The popularisation of the printing press in Germany in the 15th century ushered in a new era of mass communication and yielded – along with the Renaissance – a time of vast intellectual and creative enlightenment and self-awareness. Literacy spread like wildfire and the proliferation of great thinkers, artists and scientists is unparalleled before or since.
Propaganda reared its ugly head a few centuries later, in particular in colonial India in the 19th century. The First and Second World Wars and the Cold War took it one step further and significantly elevated the effectiveness of the media to manipulate the truth to sway public opinion toward political favour. The ulterior motives at play, whilst concealed to some, had many questioning the validity of what they were hearing and created what was perhaps the first generation of modern-day conspiracy theorists and free-thinkers since the Renaissance.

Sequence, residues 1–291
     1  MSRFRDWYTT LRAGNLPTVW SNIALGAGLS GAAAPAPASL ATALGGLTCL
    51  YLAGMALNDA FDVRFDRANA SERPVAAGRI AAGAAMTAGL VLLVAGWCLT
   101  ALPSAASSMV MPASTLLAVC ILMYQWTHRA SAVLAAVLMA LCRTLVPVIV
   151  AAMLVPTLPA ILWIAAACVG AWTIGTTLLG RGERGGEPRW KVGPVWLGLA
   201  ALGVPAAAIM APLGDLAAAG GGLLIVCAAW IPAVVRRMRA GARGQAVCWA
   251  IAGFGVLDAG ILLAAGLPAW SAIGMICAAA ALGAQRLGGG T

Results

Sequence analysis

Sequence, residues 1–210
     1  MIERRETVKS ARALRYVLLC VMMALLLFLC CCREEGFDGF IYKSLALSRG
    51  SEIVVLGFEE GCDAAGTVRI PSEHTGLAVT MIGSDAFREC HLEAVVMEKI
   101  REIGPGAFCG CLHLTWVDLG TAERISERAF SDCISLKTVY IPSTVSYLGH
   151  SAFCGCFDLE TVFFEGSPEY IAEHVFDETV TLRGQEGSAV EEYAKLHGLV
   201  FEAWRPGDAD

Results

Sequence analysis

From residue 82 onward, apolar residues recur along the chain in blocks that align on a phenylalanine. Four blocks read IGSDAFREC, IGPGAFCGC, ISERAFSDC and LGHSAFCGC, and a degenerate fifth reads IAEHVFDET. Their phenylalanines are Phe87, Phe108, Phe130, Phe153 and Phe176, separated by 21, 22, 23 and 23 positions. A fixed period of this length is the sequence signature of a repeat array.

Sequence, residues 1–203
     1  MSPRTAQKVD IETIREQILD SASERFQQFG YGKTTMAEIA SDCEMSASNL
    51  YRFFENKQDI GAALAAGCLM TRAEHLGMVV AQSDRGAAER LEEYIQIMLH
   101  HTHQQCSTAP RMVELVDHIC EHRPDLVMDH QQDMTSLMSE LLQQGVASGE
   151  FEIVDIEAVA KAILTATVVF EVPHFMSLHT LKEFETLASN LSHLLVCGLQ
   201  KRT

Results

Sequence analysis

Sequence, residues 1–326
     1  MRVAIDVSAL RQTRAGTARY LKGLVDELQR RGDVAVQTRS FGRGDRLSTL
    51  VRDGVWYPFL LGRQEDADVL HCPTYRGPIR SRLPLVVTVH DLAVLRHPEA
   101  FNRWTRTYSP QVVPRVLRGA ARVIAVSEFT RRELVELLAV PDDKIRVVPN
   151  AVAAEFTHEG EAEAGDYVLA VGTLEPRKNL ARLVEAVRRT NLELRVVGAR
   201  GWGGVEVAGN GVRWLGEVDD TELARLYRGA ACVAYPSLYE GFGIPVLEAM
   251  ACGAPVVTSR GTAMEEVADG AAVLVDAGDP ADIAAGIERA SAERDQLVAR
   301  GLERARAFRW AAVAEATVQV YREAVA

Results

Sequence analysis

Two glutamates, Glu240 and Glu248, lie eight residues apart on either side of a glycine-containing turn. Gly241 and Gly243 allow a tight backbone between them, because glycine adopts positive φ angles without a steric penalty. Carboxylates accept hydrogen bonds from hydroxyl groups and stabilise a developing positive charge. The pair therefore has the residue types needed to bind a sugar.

Cue the arrival of the 1990s and global networking and the inauguration of the World Wide Web. Suddenly, in just a few years, the world was abound with You Tube, memes, blogs, forums, instant-chat rooms, web pages and social media, all bursting with information for the taking. And just like the Bubonic devastation that ravaged Europe and Asia due to the Black Death in the 14th century, an infection set in and spread to every corner of the cyber-continent – the bad information contagion caught and passed on by endless chains of online interactions that continue to this day, only inexorably more severe.
It was an inevitable occurrence of such an extreme explosion of connectivity, akin to the world existing one minute as sparse isolated villages and the next increasing to the size of modern-day China.
And the vaccine for this digital plague? Critical thinking.